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  • br D The NANOG protein abundance in

    2020-08-12


    (D) The NANOG protein abundance in (C) was quantified by ImageJ and plotted as indicated.
    (E) AMPK WT and KO MEF 66-81-9 were infected with lentivirus expressed NANOG, then treated with compound C (6.6 mM) for 4 hr before performing the CHX
    (F) The NANOG protein abundance in (E) was quantified by ImageJ and plotted as indicated.
    (G) DU145 cells were treated with compound C (6.6 mM) for 4 hr; cell lysates were prepared for coIP with NANOG antibody and WB.
    (H) DU145 cells were treated with AICAR (2 mM) for 4 hr; cell lysates were prepared for coIP with NANOG antibody and WB.
    (I) DU145 cells were treated with DMSO or compound C (6.6 mM) for 4 hr; cell lysates were prepared for coIP with SPOP antibody, and the associated NANOG was analyzed by WB.
    (J and K) SPOP WT or KO DU145 cells were infected with lentivirus expressed His-Ub before being treated with compound C (6.6 mM) or 2-DG (25 mM) for 4 hr. cell lysates were IP by NANOG antibody and the ubiquitinated NANOG was analyzed by WB.
    (L) Representative sphere images from each condition of DU145 cells. The SPOP WT or KO DU145 cells were maintained in DMEM supplemented with 5 mM glucose and treated with DMSO or compound C (3.3 mM). Scale bar, 200 mm.
    (P) Representative sphere images from each condition of DU145 cells. The DU145 cells were treated with metformin (2 mM). Scale bar, 100 mm.
    M
    Figure 6. Phosphorylation of NANOG at Ser68 within SBC Motif by BRAF Blocks SPOP-Mediated Destruction of NANOG
    (A) FLAG-NANOG was co-expressed with the indicated kinases in HEK293T cells. The protein level of pS68-NANOG was analyzed by WB.
    (B) FLAG-NANOG or S68A was co-expressed with BRAF in HEK293T cells. The protein level of pS68-NANOG was analyzed by WB.
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    sphere formation of the DU145 cells expressing WT-NANOG, but not those overexpressing cancer-related NANOG S68Y mutant (Figures 5P and 5Q), which established the concept that AMPK regulates PCa stem cell traits in a SPOP-dependent manner. These results together suggest that AMPK affects the stemness of PCa cells via regulating NANOG phosphorylation at Ser68.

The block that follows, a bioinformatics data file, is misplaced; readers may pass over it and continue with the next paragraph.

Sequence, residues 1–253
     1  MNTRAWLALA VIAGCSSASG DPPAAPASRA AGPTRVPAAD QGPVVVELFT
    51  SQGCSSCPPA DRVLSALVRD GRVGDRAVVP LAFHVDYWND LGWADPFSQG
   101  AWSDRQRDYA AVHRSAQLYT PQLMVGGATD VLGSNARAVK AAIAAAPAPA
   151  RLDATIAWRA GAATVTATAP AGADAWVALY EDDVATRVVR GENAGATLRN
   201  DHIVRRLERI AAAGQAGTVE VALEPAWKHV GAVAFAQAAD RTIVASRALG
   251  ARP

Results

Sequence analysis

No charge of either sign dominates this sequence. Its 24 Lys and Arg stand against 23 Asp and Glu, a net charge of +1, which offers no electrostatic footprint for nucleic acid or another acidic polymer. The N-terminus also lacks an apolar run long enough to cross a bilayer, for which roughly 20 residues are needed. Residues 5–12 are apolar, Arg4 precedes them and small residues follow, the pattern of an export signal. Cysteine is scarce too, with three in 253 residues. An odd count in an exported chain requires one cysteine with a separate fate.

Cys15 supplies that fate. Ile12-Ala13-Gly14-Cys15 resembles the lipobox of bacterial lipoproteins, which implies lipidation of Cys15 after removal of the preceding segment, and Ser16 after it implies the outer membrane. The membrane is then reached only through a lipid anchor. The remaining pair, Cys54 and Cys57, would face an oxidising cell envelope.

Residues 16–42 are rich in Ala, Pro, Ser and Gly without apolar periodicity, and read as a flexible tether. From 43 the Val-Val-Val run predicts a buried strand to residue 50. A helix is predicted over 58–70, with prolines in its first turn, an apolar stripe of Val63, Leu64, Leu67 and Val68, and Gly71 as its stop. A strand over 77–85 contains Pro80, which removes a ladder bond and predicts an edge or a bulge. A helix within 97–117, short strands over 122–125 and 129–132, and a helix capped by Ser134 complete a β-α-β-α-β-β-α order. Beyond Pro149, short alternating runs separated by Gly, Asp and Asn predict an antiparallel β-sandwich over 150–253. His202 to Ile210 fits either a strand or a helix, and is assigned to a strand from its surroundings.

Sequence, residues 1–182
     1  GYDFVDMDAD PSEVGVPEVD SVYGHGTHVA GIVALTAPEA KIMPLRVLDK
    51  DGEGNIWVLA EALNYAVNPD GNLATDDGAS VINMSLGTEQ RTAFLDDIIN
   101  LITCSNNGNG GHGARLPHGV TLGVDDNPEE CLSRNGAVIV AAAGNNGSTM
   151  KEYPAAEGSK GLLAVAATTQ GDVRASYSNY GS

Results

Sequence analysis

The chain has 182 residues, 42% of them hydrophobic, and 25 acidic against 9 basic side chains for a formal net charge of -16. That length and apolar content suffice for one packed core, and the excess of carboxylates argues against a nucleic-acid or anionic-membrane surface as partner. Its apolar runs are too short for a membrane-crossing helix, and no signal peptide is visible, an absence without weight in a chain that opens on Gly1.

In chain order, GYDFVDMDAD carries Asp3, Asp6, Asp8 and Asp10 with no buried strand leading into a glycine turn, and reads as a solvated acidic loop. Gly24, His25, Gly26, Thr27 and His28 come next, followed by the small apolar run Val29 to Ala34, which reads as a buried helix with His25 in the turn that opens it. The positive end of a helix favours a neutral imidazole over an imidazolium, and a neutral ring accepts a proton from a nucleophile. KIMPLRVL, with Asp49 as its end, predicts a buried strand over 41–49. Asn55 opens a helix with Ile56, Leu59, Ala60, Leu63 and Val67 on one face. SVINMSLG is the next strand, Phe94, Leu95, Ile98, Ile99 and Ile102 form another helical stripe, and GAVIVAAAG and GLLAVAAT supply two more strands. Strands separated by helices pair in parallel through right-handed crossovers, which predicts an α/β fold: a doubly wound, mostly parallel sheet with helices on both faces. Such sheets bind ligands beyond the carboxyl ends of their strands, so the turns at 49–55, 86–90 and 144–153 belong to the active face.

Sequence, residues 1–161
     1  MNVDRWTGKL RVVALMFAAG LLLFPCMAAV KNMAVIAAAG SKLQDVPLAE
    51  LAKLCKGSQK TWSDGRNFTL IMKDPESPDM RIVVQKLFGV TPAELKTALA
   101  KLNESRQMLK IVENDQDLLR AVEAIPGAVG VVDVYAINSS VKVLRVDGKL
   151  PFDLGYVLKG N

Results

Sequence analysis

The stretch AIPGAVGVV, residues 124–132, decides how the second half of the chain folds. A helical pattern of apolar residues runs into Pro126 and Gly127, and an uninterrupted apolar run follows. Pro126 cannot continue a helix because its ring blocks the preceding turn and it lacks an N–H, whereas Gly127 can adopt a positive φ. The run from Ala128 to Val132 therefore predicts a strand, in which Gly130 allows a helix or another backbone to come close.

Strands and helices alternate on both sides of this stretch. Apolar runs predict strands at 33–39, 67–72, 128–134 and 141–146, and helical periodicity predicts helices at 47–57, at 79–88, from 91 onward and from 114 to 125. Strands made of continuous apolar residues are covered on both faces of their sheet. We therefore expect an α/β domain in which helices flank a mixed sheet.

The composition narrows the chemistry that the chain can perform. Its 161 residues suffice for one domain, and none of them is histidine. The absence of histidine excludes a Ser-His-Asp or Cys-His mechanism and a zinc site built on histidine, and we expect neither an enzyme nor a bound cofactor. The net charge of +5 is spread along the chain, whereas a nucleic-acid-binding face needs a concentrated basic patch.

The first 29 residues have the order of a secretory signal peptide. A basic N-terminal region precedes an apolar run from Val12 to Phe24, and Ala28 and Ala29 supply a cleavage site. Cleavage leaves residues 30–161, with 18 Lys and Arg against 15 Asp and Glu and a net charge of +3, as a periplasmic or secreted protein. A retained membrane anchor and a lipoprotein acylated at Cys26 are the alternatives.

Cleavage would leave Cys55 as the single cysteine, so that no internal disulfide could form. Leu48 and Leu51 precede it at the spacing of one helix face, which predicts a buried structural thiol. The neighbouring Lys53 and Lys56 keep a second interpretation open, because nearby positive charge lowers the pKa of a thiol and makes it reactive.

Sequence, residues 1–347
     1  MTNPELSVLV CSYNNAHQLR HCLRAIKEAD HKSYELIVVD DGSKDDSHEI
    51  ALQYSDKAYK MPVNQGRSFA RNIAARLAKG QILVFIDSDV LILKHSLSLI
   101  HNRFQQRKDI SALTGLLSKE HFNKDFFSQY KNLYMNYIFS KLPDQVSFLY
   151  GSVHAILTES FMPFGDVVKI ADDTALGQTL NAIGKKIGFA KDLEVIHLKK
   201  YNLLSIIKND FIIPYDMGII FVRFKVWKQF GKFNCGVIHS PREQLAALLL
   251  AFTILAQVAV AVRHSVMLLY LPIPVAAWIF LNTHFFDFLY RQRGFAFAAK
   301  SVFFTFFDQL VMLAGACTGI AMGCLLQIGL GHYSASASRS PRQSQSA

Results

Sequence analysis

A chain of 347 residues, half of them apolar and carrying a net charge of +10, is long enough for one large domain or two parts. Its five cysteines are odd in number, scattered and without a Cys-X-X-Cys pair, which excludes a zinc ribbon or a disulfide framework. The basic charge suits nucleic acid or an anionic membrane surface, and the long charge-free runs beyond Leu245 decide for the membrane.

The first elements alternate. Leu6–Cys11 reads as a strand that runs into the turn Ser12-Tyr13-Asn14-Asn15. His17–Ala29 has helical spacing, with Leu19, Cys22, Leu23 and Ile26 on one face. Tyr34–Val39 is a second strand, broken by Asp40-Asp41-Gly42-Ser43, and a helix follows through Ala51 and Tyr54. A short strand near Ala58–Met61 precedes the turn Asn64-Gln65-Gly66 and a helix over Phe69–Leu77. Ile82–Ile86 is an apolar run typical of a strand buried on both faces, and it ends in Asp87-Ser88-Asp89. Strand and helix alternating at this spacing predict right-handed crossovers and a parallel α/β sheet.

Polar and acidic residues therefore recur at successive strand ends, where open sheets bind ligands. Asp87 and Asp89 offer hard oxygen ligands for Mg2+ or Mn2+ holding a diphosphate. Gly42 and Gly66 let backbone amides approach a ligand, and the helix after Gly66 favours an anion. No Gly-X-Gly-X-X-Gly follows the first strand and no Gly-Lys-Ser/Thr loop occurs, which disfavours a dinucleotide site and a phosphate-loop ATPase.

Phosphorylation of NANOG at Ser68 by BRAF
    As AMPK activation reduced the phosphorylation of NANOG at Ser68, it is unlikely that AMPK is the protein kinase that directly phosphorylates NANOG. To identify the protein kinase that is directly involved in the phosphorylation of NANOG at Ser68, we searched the online website (www.phosphonet.ca) and found that multiple kinases were potential candidates, including casein kinase, Raf Kinase, GSK-3b, and AKT. To determine which kinase is the right one, we co-expressed NANOG with these kinases, respectively, and the cells were treated with MG132 to avoid the influence from protein degradation. The phosphorylation of NANOG was examined using p-S68 anti-body. Our data showed that BRAF kinase, but not other kinases listed above, specially increased the phosphorylation of NANOG at Ser68 (Figures 6A and 6B). In parallel, treatment with BRAF kinase inhibitor AZ628 or LY03009120 inhibited the phosphorylation of NANOG Ser68 (Figure S6A). Kinase dead mutant K483M (BRAF) failed to promote the phosphorylation of NANOG at Ser68 (Figure S6B), suggesting that the kinase activity of BRAF is required for NANOG phosphorylation. Furthermore, we found that BRAF can bind to NANOG in cells (Figure S6C). Together, these data suggest that BRAF is a pro-tein kinase that accounts for the phosphorylation of NANOG at Ser68.
    Next, we examined whether BRAF affects the protein stability of NANOG. Our data showed that the expression of BRAF, but not kinase dead mutant K483M, strongly increased the protein level and prolonged the half-life of NANOG (Figures 5D and 6C). On the other hand, knockdown of BRAF reduced the NANOG protein level (Figure S6D). The half-life of NANOG was
    also shortened with the treatment of BRAF inhibitor AZ628 and SB590885 (Figures S6F and S6G).
    Since BRAF can phosphorylate NANOG at Ser68, we exam-ined whether BRAF affects the interaction between NANOG and SPOP. Our data showed that inhibition of BRAF increased the interaction between SPOP and NANOG (Figure 6G) and thereby promoted NANOG ubiquitination in DU145 cells (Fig-ure S6E). Consistently, the BRAF inhibitor had a minor effect on the half-life of NANOG in the SPOP / DU145 cells (Figures 6E and 6F), suggesting that BRAF affects NANOG stability in a SPOP-dependent manner.
    Furthermore, in vitro phosphorylation assay demonstrated that BRAF could phosphorylate NANOG at Ser68 and the phos-phorylation of NANOG at Ser68 prevented the interaction be-tween SPOP and NANOG in vitro (Figures S6H and S6I).
    Phosphorylation of BRAF at Ser729 by AMPK Blocks Its Interaction with NANOG
    We next examined whether the effect of AMPK on NANOG phos-phorylation is dependent on BRAF. Our data showed that knock-down of BRAF abolished the inhibitory effect on the protein level of NANOG exerted by AMPK signaling (Figure 6H), suggesting that AMPK may affect the NANOG stability via BRAF.